Like I said, Cignetti is a ball coach. He comes from the offensive side of the ball as a former quarterback at West Virginia, committing to play for his father but spending much of his career under the excellent Don Nehlen. Though Cignetti only spent a few years with him, there’s an old video about Nehlen that I like a whole lot, and in that video is a quote that might as well be about Cignetti.

“This team was quickly gaining the undeniable spirit of a winner. There was a sense that a seed had been planted. It was the seed of confidence.”

“Coach Nehlen was very positive. The first thing he did when he came in here is, he made people feel good about themselves. I think that’s the No. 1 thing I noticed when he came here is through our weight program and through the things that he changed, he had the coaches believing in themselves, he had the players believing in themselves, and that’s why he’s successful.”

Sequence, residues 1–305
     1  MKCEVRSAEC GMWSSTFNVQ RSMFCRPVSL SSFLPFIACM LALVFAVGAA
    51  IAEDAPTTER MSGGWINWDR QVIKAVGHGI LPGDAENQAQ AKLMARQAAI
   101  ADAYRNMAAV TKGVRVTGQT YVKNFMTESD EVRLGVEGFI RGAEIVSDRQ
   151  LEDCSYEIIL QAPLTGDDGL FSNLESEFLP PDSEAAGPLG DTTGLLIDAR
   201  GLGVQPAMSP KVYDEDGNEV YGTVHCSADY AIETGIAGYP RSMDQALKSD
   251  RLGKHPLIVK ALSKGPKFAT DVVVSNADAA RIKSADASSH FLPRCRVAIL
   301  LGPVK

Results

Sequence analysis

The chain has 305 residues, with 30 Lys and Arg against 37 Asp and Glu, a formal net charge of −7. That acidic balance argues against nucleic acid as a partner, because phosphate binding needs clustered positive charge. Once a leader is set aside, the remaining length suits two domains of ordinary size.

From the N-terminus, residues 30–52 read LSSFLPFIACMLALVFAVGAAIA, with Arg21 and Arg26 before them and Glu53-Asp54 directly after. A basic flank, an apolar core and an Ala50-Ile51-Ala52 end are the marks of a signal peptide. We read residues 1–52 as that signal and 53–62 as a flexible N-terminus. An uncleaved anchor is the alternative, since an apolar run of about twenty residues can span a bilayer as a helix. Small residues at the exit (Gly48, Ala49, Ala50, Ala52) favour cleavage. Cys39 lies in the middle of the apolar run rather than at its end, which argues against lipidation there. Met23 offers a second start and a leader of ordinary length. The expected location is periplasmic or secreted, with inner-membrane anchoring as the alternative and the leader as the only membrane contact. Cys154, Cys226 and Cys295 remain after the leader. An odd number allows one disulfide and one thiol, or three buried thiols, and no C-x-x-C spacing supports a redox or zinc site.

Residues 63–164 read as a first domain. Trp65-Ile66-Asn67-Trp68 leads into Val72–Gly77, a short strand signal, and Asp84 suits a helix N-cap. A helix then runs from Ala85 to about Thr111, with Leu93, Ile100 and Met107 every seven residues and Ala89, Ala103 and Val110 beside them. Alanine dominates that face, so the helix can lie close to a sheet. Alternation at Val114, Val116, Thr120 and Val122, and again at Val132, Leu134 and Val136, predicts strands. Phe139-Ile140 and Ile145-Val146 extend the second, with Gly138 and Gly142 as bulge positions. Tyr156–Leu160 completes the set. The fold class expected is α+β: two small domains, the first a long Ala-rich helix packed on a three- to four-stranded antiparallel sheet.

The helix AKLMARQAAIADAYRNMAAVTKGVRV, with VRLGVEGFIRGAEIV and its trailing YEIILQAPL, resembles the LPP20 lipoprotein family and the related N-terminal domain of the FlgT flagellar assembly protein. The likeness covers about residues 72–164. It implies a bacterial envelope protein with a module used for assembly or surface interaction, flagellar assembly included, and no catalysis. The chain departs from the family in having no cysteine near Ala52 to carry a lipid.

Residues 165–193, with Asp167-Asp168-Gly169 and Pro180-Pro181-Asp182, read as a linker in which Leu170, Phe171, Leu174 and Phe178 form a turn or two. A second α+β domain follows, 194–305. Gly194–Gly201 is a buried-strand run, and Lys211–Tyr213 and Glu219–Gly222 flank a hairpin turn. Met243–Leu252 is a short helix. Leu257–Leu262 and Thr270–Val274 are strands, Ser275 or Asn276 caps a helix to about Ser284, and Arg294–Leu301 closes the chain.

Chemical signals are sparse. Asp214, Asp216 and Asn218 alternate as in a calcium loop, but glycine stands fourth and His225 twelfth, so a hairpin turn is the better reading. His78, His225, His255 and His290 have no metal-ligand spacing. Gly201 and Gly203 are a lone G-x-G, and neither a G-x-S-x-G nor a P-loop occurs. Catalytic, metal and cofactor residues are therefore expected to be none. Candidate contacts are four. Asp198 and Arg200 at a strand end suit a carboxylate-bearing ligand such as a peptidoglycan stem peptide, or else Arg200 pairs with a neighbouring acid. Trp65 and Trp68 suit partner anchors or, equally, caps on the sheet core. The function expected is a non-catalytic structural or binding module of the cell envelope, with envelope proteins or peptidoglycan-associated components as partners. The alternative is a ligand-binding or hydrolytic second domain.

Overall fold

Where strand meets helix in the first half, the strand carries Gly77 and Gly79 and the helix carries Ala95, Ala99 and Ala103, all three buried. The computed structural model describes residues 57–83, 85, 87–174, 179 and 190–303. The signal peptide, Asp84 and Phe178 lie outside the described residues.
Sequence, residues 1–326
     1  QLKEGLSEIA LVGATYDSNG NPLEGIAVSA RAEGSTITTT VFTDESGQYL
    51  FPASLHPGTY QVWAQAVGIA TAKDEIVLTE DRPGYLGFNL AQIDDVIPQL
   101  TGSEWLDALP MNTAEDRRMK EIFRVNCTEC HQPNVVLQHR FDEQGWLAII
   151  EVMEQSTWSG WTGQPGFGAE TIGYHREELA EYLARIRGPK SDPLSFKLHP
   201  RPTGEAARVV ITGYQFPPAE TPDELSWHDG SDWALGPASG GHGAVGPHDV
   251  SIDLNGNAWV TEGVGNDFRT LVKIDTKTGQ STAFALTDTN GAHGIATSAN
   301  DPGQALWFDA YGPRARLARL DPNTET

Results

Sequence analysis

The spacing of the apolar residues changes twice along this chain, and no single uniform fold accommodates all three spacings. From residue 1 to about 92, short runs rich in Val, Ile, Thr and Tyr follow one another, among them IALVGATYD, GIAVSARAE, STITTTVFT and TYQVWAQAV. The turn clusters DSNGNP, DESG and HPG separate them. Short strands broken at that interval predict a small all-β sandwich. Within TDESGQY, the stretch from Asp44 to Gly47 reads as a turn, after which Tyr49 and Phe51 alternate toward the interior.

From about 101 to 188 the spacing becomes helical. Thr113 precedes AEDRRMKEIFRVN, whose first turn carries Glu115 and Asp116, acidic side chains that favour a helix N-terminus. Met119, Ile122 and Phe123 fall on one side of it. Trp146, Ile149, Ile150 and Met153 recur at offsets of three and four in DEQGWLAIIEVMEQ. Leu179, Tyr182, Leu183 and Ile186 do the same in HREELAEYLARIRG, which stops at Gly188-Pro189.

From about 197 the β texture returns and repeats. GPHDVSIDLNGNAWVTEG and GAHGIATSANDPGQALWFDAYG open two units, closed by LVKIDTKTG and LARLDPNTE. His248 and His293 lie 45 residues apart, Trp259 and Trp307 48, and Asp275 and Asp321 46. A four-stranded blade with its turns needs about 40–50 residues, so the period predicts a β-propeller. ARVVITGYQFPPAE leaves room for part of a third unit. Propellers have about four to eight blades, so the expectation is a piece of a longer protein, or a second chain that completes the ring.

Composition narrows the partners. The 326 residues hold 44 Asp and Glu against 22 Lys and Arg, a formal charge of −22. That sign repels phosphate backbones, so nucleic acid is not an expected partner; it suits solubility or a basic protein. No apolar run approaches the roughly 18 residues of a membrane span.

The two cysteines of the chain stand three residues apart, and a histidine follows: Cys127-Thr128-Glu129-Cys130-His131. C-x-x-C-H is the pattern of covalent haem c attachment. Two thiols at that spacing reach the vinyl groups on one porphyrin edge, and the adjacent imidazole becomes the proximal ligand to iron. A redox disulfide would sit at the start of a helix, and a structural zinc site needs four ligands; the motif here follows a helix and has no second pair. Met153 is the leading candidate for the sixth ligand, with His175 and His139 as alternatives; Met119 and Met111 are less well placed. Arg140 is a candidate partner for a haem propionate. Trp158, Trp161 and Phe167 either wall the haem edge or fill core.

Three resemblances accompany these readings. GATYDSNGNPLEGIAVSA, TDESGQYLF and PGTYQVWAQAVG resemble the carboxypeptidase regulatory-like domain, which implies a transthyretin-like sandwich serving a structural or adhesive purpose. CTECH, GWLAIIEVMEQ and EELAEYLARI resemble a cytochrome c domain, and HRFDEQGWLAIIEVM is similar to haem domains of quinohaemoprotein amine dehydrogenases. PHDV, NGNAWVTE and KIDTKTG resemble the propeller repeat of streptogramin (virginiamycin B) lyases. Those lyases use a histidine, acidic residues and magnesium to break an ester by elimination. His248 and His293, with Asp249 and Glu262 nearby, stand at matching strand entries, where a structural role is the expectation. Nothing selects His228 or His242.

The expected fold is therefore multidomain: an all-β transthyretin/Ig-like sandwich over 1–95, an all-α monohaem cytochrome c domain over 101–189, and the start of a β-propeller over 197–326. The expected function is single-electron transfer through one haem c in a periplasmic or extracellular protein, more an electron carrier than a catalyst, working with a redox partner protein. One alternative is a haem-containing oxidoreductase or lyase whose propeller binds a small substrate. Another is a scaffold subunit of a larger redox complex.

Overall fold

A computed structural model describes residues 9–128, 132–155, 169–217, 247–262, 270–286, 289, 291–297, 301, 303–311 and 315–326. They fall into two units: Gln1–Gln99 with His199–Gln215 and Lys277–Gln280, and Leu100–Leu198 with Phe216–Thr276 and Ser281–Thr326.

That’s where Cignetti comes from. He’s the son of damn good coach, he played for a damn good coach, and he spent the early stages of his career working for damn good coaches – Foge Fazio, and later Johnny Majors and Walt Harris at Pitt, Chuck Amato at NC State and Nick Saban at Alabama.

He’s a direct descendent not only of Saban’s tree, but of Bobby Bowden’s (through both his dad and Amato), Woody Hayes’ (through Amato, with a Lou Holtz-sized degree of separation), Bo Schembechler’s (through Nehlen) and Frank Broyles’ (through Majors). Just about every coach in the sport right now is connected to at least one of five, and Cignetti is either directly connected to, or one generation removed from, all five of them.

Coaching tree ties aren’t everything, but they can explain a lot about how man operates in this game.

Do you think Cignetti will work out here and why?

I think it would probably depend on your definition. He’s on the older side and his tenure won’t likely extend beyond six or seven years, but a lot of good can be done in that time, and I believe he will do a lot of good.

What that will look like in the record books, I really cannot say. I think he’ll succeed, in so far as he’ll elevate the talent at Indiana above where it has been in the modern era, both on the field and in the coaching staff. What does that look like in the new Big Ten? There’s no telling. The Hoosiers will be better when he leaves than they were when he found them.